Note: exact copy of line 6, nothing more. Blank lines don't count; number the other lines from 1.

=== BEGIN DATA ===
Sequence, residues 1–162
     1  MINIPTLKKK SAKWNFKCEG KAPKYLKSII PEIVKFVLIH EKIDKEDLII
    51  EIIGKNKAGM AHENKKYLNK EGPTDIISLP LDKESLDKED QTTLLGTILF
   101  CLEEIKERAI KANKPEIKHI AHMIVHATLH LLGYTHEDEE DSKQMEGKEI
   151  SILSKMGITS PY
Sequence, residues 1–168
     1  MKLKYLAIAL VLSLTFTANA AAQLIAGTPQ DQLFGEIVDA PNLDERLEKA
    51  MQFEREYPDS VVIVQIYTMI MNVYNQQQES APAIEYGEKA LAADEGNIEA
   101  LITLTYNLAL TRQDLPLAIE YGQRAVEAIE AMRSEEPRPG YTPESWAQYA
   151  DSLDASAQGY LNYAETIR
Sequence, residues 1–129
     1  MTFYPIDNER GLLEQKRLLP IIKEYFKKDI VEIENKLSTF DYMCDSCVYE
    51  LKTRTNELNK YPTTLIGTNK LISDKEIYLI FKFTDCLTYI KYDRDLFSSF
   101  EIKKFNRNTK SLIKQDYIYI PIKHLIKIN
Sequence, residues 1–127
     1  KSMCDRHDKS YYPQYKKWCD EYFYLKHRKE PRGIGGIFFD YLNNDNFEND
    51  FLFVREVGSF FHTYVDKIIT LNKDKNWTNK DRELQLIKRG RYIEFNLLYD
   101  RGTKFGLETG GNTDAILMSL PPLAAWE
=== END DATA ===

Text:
Sequence, residues 1–168